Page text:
Abdominal CT radiation dose optimization at Siriraj Hospital

Authors

  • Piyaporn Apisarnthanarak, M.D. Department of Radiology, Faculty of Medicine Siriraj hospital, Mahidol University, Bangkok, Thailand
  • Chosita Buranont, M.D. Department of Radiology, Faculty of Medicine Siriraj hospital, Mahidol University, Bangkok, Thailand
  • Chulaluck Boonma, B.Sc. Department of Radiology, Faculty of Medicine Siriraj hospital, Mahidol University, Bangkok, Thailand
  • Sureerat Janpanich, RN. Department of Radiology, Faculty of Medicine Siriraj hospital, Mahidol University, Bangkok, Thailand
  • Tarntip Suwatananonthakij, RN. Department of Radiology, Faculty of Medicine Siriraj hospital, Mahidol University, Bangkok, Thailand
  • Atchariya Klinhom, RN. Department of Radiology, Faculty of Medicine Siriraj hospital, Mahidol University, Bangkok, Thailand
  • Kobkun Muangsomboon, M.D. Department of Radiology, Faculty of Medicine Siriraj hospital, Mahidol University, Bangkok, Thailand
  • Wanwarang Teerasamit, M.D. Department of Radiology, Faculty of Medicine Siriraj hospital, Mahidol University, Bangkok, Thailand
  • Voraparee Suvannnarerg, M.D. Department of Radiology, Faculty of Medicine Siriraj hospital, Mahidol University, Bangkok, Thailand
  • Pairash Saiviroonporn, Ph.D. Department of Radiology, Faculty of Medicine Siriraj hospital, Mahidol University, Bangkok, Thailand

DOI:

https://doi.org/10.46475/aseanjr.2020.07

Keywords:

Abdominal computed tomography, Abdominal CT, Radiation dose reduction, Iterative reconstruction, IR, Adaptive Statistical Iterative Reconstruction, ASiR

Abstract

OBJECTIVE: To compare radiation dose and image quality between standard dose abdominal CT currently performed at our hospital and new low dose abdominal CT using various percentages (0%, 10%, 20%, and 30%) of Adaptive Statistical Iterative Reconstruction (ASiR).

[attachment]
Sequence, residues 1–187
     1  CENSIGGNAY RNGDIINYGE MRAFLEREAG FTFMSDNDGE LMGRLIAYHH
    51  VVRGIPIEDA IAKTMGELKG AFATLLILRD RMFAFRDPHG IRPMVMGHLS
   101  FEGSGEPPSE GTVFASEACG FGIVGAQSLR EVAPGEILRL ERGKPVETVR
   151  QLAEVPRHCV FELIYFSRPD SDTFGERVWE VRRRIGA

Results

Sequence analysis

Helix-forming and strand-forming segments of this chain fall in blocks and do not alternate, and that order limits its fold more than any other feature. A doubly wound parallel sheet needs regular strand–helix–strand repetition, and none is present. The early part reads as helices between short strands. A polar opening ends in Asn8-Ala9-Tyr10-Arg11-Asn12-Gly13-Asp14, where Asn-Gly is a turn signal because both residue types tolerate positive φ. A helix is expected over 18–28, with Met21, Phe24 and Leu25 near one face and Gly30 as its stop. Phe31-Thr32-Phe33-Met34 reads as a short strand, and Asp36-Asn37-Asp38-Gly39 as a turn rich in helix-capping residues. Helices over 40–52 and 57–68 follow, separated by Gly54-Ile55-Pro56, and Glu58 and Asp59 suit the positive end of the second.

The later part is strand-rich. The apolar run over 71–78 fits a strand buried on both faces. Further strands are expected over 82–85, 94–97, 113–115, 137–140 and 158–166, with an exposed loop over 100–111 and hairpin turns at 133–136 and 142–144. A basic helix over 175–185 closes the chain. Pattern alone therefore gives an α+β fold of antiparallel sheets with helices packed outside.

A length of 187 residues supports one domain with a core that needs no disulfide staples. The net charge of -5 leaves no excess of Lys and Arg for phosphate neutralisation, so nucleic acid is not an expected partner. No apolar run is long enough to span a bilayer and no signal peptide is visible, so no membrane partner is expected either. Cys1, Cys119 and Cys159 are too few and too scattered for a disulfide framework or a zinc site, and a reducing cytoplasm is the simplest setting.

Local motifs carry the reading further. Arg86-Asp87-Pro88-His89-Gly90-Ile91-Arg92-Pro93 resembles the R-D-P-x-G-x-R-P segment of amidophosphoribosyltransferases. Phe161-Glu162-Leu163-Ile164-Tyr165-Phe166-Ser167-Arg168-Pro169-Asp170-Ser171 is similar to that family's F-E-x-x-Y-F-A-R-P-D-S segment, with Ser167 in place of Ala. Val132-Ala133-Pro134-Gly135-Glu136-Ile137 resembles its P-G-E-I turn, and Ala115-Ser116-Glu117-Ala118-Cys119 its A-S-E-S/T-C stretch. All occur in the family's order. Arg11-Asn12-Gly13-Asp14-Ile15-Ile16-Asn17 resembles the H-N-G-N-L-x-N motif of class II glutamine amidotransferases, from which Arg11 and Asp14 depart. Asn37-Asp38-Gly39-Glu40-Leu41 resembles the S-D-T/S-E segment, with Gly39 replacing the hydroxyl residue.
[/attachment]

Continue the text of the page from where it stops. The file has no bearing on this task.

MATERIALS AND METHODS: We prospectively performed low dose abdominal CT (30% reduction of standard tube current) in 119 participants. The low dose CT images were post processed with four parameters (0%, 10%, 20% and 30%) of ASiR. The volume CT dose index (CTDIvol) of standard and low dose CT were compared. Four experienced abdominal radiologists independently assessed the quality of low dose CT with aforementioned ASiR parameters using a 5-point-scale satisfaction score (1 = unacceptable, 2 = poor, 3 = average, 4 = good, and 5 = excellent image quality) by using prior standard dose CT as a reference of excellent image quality (5). Each reader selected the preference ASiR parameter for each participant. The image noise of the liver and the aorta in all 5 (1 prior standard dose and 4 current low dose) image sets was measured.    

RESULTS: The mean CTDIvol of low dose CT was significantly lower than of standard dose CT (7.17 ± 0.08 vs 12.02 ±1.61 mGy, p<0.001). The mean satisfaction scores for low dose CT with 0%, 10%, 20% and 30% ASiR were 3.95, 3.99, 3.91 and 3.87, respectively with the ranges of 3 to 5 in all techniques. The preferred ASiR parameters of each participant randomly selected by each reader were varied, depending on the readers’ opinions. The mean image noise of the aorta on standard dose CT and low dose CT with 0%, 10%, 20%, and 30% ASiR was 29.07, 36.97, 33.92, 31.49, and 29.11, respectively, while the mean image noise of the liver was 24.60, 30.21, 28.33, 26.25, and 24.32, respectively.

CONCLUSION: Low dose CT with 30% reduction of standard mA had acceptable image quality with significantly reduced radiation dose. The increment of ASiR was helpful in reducing image noise.  

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References

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Published

2020-08-30

How to Cite

1.
Apisarnthanarak P, Buranont C, Boonma C, Janpanich S, Suwatananonthakij T, Klinhom A, Muangsomboon K, Teerasamit W, Suvannnarerg V, Saiviroonporn P. Abdominal CT radiation dose optimization at Siriraj Hospital. ASEAN J Radiol [Internet]. 2020Aug.30 [cited 2021Apr.14];21(2):28-43. Available from: https://asean-journal-radiology.org/index.php/ajr/article/view/80

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